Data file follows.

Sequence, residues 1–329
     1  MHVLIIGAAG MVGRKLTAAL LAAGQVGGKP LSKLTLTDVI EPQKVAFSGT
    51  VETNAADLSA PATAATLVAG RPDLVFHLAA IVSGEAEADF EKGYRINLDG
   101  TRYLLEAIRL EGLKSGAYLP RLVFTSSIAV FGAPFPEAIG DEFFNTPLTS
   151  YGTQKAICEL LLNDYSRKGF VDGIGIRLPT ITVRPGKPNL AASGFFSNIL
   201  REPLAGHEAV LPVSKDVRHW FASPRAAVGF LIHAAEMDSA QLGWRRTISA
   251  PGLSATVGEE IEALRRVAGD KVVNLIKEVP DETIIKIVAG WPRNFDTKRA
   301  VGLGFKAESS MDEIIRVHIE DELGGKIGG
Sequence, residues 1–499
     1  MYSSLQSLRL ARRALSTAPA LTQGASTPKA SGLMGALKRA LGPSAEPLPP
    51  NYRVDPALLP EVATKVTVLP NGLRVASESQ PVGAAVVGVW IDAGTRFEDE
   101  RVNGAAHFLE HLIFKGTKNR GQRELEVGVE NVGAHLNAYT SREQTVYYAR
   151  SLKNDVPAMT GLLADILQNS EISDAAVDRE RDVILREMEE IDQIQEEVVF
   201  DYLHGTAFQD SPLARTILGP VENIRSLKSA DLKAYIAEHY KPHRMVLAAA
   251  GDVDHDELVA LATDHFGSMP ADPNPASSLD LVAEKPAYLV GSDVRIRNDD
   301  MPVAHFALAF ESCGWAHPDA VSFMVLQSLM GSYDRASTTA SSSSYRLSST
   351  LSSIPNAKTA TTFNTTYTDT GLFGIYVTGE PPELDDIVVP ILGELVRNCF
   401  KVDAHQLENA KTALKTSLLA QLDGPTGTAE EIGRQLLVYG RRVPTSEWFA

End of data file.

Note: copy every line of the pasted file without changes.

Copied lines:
Sequence, residues 1–329
     1  MHVLIIGAAG MVGRKLTAAL LAAGQVGGKP LSKLTLTDVI EPQKVAFSGT
    51  VETNAADLSA PATAATLVAG RPDLVFHLAA IVSGEAEADF EKGYRINLDG
   101  TRYLLEAIRL EGLKSGAYLP RLVFTSSIAV FGAPFPEAIG DEFFNTPLTS
   151  YGTQKAICEL LLNDYSRKGF VDGIGIRLPT ITVRPGKPNL AASGFFSNIL
   201  REPLAGHEAV LPVSKDVRHW FASPRAAVGF LIHAAEMDSA QLGWRRTISA
   251  PGLSATVGEE IEALRRVAGD KVVNLIKEVP DETIIKIVAG WPRNFDTKRA
   301  VGLGFKAESS MDEIIRVHIE DELGGKIGG
Sequence, residues 1–499
     1  MYSSLQSLRL ARRALSTAPA LTQGASTPKA SGLMGALKRA LGPSAEPLPP
    51  NYRVDPALLP EVATKVTVLP NGLRVASESQ PVGAAVVGVW IDAGTRFEDE
   101  RVNGAAHFLE HLIFKGTKNR GQRELEVGVE NVGAHLNAYT SREQTVYYAR
   151  SLKNDVPAMT GLLADILQNS EISDAAVDRE RDVILREMEE IDQIQEEVVF
   201  DYLHGTAFQD SPLARTILGP VENIRSLKSA DLKAYIAEHY KPHRMVLAAA
   251  GDVDHDELVA LATDHFGSMP ADPNPASSLD LVAEKPAYLV GSDVRIRNDD
   301  MPVAHFALAF ESCGWAHPDA VSFMVLQSLM GSYDRASTTA SSSSYRLSST
   351  LSSIPNAKTA TTFNTTYTDT GLFGIYVTGE PPELDDIVVP ILGELVRNCF
   401  KVDAHQLENA KTALKTSLLA QLDGPTGTAE EIGRQLLVYG RRVPTSEWFA